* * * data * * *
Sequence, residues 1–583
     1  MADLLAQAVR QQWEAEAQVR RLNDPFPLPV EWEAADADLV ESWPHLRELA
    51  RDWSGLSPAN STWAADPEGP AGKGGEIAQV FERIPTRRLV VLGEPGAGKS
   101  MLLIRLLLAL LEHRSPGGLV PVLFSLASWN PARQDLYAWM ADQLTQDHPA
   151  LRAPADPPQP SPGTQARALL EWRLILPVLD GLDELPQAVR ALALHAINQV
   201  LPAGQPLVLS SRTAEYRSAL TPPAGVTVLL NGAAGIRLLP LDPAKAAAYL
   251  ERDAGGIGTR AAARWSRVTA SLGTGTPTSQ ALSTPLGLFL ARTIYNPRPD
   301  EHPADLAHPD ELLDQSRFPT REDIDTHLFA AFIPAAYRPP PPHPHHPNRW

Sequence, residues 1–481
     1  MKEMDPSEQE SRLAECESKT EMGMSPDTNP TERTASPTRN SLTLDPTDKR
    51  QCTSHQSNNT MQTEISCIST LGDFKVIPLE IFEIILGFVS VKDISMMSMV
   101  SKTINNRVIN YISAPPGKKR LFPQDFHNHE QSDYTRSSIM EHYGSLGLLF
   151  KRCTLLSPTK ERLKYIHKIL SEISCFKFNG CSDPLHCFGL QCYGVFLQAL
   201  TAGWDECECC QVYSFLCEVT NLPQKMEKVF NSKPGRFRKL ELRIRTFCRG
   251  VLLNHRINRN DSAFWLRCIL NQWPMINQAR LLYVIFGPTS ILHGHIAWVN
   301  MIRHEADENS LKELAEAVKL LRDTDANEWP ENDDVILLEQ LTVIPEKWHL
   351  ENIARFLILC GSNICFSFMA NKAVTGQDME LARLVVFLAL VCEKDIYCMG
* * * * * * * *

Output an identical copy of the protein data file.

Sequence, residues 1–583
     1  MADLLAQAVR QQWEAEAQVR RLNDPFPLPV EWEAADADLV ESWPHLRELA
    51  RDWSGLSPAN STWAADPEGP AGKGGEIAQV FERIPTRRLV VLGEPGAGKS
   101  MLLIRLLLAL LEHRSPGGLV PVLFSLASWN PARQDLYAWM ADQLTQDHPA
   151  LRAPADPPQP SPGTQARALL EWRLILPVLD GLDELPQAVR ALALHAINQV
   201  LPAGQPLVLS SRTAEYRSAL TPPAGVTVLL NGAAGIRLLP LDPAKAAAYL
   251  ERDAGGIGTR AAARWSRVTA SLGTGTPTSQ ALSTPLGLFL ARTIYNPRPD
   301  EHPADLAHPD ELLDQSRFPT REDIDTHLFA AFIPAAYRPP PPHPHHPNRW

Sequence, residues 1–481
     1  MKEMDPSEQE SRLAECESKT EMGMSPDTNP TERTASPTRN SLTLDPTDKR
    51  QCTSHQSNNT MQTEISCIST LGDFKVIPLE IFEIILGFVS VKDISMMSMV
   101  SKTINNRVIN YISAPPGKKR LFPQDFHNHE QSDYTRSSIM EHYGSLGLLF
   151  KRCTLLSPTK ERLKYIHKIL SEISCFKFNG CSDPLHCFGL QCYGVFLQAL
   201  TAGWDECECC QVYSFLCEVT NLPQKMEKVF NSKPGRFRKL ELRIRTFCRG
   251  VLLNHRINRN DSAFWLRCIL NQWPMINQAR LLYVIFGPTS ILHGHIAWVN
   301  MIRHEADENS LKELAEAVKL LRDTDANEWP ENDDVILLEQ LTVIPEKWHL
   351  ENIARFLILC GSNICFSFMA NKAVTGQDME LARLVVFLAL VCEKDIYCMG